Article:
Raised in hope best gift of all

Writing from the heart is tricky business.
I found that out in a sheepish—albeit comical—way when, once upon a column, I put it all “out there” and wrote about issues with my Greek figure (and included how much I weighed) and my subsequent choices to begin to lead a healthier lifestyle.
An avid reader of said “baring” then found me sitting at a local hamburger joint stuffing in a cheeseburger and called me on it right there in the restaurant from across the room.
I wanted to throw down one of those black magic circles from the “Looney Tunes” cartoons, jump in, and disappear to some faraway city as one of the anonymous populace.
I’ve been writing my column since 2004 and I think I’ve covered just about every personal topic known to “readerkind.” Yet, I still find that the delicate river that runs through us all, and its muddy layers of our thick-skinned ways, never really reaches an end in discussion.
“There’s always something,” as my late grandmother, Florence Drennan, used to say (although she usually was talking about the one more thing to do around the farm that she hadn’t planned on).
This writing space is good medicine and I am very lucky to have it, especially when I use the opportunity to write from my heart. And today is just another perfect opportunity to take to the river once more.
Best-selling author Neil Gaiman penned good advice: “Write. Put one word after another. Find the right word, put it down. Finish what you’re writing.
“Whatever you have to do to finish it, finish it.”
I love and adore my father, Bruce. He is 87 years old and when I get to thinking about the depth of human being he is, I only can hope to be as good and kind and wise in all my days as he is in his.
He remains the cornerstone of his daughter’s life. He raised me in hope and, in fact, both of my parents did.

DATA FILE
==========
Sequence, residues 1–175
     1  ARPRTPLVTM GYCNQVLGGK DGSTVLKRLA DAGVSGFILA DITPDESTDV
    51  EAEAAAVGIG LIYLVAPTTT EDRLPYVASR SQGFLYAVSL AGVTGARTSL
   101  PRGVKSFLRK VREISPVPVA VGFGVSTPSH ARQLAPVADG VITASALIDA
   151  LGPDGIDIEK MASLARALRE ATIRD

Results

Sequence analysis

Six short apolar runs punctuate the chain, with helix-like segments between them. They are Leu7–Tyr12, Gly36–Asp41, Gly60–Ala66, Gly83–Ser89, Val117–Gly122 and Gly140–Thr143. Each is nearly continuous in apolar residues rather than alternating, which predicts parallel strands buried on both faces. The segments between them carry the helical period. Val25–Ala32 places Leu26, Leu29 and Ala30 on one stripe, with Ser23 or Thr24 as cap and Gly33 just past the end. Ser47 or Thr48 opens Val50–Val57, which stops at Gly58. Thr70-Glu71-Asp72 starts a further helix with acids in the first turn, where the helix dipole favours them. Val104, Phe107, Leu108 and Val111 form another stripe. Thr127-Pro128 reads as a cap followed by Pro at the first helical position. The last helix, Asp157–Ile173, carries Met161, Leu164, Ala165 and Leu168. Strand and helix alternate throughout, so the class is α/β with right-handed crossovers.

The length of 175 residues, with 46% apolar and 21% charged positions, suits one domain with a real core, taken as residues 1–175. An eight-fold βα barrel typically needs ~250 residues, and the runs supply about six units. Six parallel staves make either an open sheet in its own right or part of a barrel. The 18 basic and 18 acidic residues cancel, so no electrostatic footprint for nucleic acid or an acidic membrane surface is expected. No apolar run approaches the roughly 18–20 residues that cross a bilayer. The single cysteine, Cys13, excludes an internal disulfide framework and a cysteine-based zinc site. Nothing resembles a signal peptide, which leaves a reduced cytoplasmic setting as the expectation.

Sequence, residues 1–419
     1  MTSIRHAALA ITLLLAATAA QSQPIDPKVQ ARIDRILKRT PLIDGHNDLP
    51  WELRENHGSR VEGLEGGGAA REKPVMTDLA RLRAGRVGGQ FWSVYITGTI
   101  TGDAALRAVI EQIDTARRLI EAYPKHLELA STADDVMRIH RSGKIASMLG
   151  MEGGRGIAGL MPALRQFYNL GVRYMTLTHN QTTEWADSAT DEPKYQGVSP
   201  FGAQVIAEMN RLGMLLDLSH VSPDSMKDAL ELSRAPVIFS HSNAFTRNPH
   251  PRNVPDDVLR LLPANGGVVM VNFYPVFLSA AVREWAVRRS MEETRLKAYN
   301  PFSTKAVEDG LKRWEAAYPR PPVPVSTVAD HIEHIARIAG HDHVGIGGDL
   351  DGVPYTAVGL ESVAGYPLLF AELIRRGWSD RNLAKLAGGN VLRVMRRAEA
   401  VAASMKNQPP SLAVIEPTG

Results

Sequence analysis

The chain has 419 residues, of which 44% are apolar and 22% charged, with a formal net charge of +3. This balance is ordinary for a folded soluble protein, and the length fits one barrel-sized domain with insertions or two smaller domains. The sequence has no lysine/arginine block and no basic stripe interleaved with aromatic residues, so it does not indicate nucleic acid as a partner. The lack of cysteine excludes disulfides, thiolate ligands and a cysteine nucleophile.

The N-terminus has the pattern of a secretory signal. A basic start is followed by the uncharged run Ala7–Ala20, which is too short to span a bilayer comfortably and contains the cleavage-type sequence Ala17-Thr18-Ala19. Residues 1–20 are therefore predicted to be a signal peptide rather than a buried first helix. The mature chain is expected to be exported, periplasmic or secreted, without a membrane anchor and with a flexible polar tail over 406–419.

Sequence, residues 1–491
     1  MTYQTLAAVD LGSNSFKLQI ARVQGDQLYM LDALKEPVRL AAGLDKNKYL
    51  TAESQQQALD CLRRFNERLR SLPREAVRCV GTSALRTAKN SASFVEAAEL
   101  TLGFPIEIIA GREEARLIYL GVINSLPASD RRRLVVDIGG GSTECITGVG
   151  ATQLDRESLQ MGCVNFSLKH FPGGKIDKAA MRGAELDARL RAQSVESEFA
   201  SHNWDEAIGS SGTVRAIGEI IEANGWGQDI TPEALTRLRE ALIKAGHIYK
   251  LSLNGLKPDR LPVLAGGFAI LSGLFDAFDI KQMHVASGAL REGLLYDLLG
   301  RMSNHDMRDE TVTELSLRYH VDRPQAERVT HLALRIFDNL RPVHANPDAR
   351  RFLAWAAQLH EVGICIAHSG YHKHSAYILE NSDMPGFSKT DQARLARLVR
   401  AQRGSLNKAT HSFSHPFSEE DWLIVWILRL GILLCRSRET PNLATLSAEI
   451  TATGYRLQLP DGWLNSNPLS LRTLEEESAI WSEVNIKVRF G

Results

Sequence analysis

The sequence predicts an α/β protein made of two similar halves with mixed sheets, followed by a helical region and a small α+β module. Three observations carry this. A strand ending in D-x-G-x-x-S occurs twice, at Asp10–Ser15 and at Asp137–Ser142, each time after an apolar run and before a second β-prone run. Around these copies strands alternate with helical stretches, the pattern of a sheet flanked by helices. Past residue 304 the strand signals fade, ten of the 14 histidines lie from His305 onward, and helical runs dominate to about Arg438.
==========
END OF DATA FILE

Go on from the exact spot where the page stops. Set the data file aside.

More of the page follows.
It was my father’s most common reply to my childhood questions that instilled in me an optimistic self-power that to this day defends me in difficult circumstances and fuels my goals for purposeful happiness.
“It’s always a possibility,” my dad used to say—and still does if you ask him the right question.
My dad is my mentor and my friend, my ranch helper, and my favourite historian with an encyclopedia of knowledge and stories about his career and his life that one day will fill the pages of a book.
It’s an incredible gift to have him here in this life with me.
“Fathers and daughters have a romance that goes on for the rest of their lives, destined to ripen and age as they dance through the days of their husbands and wives.
“Up near the surface their love is distinct, like a garden surveyed in the sun, in which seed time and full bloom are credibly linked by a consciousness shared and hard won.
“Deep down below, where the world is a dream, and the dream is a world of its own, all manner of memories the moments redeem in a place where one’s never alone.” –Nicholas Gordon
Right from my heart I write to you, my dad.
I love you. Happy Father’s Day.

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